On Mi’kmaw waters

Hit and Miss #163

Sometimes Twitter* seems to turn its attention to one issue. The feed fills with folks discussing something unfolding in real time. These past few days have been one of those times. (Weeks, really, but it’s been heightened since Friday night.) And it’s always a good reminder to refocus—to heed injustice.

(*the folks on Twitter is perhaps a better way to say it—especially as it reminds us that this isn’t necessarily what the people not on Twitter are discussing, or, even, what the folks I don’t follow on Twitter are discussing.)

Back in Mi’kma’ki, the racism of many commercial fishermen that is usually well hidden behind their massive fishing boats, fancy trucks and large houses funded by the billion dollar fishing industry on Mi’kmaw waters, is on display for the whole world to see. What this spectacle of racialized violence shows is that the ‘rule of law’ is a fiction and always has been. These fishermen have been able to engage in crimes of violence and property destruction with apparent impunity, even flaunting the removal of Mi’kmaw lobster traps in the media. They have been able to violate many laws, rules and regulations in relation to how they operate their boats on the water by putting Mi’kmaw lives at risk—again with impunity. Yet, we all know that had Mi’kmaw peoples engaged in any of these violent or criminal acts, there would have been swift arrests and confiscation of our gear. That’s not the rule of law. That’s the law of rulers.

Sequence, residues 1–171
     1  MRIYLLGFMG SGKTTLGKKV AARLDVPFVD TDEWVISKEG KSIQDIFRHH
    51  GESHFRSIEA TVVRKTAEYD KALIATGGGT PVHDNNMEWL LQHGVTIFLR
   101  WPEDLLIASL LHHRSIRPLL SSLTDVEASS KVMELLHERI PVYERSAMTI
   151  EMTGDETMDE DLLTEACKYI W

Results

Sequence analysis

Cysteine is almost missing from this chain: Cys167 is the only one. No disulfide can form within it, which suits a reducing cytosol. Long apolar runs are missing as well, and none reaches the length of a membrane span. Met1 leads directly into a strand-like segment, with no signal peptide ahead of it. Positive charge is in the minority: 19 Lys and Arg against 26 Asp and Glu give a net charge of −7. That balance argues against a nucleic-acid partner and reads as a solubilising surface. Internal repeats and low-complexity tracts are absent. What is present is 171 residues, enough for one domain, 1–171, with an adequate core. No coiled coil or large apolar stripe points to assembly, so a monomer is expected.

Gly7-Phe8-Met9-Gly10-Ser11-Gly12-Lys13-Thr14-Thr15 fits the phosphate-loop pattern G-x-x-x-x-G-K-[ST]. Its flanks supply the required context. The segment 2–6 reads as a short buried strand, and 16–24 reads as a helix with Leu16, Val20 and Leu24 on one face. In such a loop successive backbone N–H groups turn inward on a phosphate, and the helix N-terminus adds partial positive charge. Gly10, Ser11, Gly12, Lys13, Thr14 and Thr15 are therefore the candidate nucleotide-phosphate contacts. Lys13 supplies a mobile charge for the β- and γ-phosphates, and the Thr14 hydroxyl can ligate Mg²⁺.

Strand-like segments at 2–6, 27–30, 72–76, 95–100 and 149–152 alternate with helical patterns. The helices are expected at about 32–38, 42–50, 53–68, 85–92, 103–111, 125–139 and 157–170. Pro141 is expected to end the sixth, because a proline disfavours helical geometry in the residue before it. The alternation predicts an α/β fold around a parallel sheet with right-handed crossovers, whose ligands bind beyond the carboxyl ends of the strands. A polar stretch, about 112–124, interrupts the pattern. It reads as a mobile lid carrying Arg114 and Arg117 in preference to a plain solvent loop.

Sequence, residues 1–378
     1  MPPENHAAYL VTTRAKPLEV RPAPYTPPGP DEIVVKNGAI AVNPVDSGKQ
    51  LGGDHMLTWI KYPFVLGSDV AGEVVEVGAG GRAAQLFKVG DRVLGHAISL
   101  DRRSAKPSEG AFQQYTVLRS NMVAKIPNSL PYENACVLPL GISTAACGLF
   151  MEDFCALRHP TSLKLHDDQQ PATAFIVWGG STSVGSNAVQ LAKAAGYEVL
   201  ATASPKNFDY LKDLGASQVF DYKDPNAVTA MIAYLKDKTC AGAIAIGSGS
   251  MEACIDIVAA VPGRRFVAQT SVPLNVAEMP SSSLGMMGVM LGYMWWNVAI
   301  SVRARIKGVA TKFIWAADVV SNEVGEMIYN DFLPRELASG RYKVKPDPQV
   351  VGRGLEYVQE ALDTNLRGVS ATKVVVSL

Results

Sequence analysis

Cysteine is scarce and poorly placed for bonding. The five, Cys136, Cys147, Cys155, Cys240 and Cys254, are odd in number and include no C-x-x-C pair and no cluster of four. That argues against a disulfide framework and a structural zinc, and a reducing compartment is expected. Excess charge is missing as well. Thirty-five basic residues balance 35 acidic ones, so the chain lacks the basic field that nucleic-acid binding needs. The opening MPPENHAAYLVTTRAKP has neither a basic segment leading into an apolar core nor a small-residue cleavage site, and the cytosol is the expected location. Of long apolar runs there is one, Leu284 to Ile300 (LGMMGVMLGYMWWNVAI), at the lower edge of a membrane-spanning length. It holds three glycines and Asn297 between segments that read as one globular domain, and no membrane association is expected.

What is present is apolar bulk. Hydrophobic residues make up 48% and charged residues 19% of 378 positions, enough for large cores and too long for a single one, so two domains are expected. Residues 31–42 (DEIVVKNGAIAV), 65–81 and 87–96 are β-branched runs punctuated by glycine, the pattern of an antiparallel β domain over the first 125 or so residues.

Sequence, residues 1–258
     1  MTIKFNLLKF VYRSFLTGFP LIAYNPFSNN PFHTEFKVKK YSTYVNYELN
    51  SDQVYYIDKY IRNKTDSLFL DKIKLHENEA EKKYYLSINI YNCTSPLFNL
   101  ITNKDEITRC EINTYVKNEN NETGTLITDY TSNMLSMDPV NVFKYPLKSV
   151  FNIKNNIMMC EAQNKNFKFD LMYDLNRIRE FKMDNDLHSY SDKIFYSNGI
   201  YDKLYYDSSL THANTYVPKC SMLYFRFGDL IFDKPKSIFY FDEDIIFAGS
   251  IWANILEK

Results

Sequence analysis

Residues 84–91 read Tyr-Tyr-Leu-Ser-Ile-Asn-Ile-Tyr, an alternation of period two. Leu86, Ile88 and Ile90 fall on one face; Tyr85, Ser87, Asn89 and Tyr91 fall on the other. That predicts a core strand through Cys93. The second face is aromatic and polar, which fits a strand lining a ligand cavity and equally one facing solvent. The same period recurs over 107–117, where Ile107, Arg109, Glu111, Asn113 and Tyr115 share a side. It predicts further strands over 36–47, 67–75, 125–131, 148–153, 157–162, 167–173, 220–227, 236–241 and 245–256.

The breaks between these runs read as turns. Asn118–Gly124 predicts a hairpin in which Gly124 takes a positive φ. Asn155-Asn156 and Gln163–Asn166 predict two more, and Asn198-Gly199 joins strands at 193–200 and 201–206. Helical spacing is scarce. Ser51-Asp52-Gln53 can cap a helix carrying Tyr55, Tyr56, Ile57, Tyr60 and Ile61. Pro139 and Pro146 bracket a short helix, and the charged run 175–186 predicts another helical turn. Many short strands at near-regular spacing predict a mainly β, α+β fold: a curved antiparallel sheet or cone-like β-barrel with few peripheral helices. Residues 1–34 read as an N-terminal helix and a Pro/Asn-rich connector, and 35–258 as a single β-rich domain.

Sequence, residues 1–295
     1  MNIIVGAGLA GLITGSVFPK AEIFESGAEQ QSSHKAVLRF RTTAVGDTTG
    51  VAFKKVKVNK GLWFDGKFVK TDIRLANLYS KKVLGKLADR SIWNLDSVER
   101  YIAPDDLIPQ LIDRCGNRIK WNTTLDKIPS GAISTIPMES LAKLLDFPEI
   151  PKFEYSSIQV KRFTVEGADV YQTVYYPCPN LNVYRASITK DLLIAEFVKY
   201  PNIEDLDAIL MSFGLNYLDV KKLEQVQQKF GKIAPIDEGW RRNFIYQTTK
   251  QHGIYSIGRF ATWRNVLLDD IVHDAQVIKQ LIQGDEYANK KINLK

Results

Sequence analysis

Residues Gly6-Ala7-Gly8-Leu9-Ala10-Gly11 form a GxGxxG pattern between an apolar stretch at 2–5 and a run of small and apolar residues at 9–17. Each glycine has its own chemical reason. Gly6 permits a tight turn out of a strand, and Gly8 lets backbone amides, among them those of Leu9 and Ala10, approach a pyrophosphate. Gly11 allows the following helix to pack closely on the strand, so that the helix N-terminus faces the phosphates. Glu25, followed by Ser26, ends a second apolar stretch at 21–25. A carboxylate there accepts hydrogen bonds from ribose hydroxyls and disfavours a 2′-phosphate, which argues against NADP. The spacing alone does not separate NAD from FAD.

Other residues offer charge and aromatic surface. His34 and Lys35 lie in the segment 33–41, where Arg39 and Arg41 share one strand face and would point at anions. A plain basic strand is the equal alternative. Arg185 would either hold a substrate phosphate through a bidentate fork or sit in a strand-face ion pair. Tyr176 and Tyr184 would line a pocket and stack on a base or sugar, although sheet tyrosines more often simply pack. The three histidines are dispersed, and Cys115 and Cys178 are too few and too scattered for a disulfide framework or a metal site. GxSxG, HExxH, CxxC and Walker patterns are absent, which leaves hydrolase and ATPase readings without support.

That’s an excerpt from a piece by Pam Palmater. Palmater, a Mi’kmaw lawyer and academic, briefly explains the current situation in southern Nova Scotia, before providing historical and legal context. If video is more your speed, Alanis Obomsawin created a documentary on precisely this issue—over twenty years ago (you can stream it free from the NFB).(Both of the last two links were via Sean Carleton.)

I find that excerpt captures well some of the most egregious things the mob of non-Indigenous fishermen have carried out in the last few weeks. And we can’t lose sight of that. Sharon Nyangweso, fixing a CBC headline, wrote that “White terrorists committed arson and destroyed a Mi’kmaq lobster facility”. The way we describe what happens matters. It implicitly privileges some over others (usually, settlers over Indigenous folks). It excuses crimes (like assault, property damage, intimidation). It excuses those who stand aside and watch it happening—like federal government officials and the RCMP. (Who, we should remember, are doing the job they were designed to do.)

Consider turning to other sources to learn about what’s happening.

You might also consider donating directly—and remembering in the process that Mi’kmaw lives are not the only ones at risk across Canada at the moment, fighting for their rights.

All the best for the week ahead—may it be one where you learn more about systemic racism, one where you push others to do better, one where you pressure the system itself (through letter writing, calling, or however else you manifest your positions) to abandon its ongoing role in perpetuating injustice.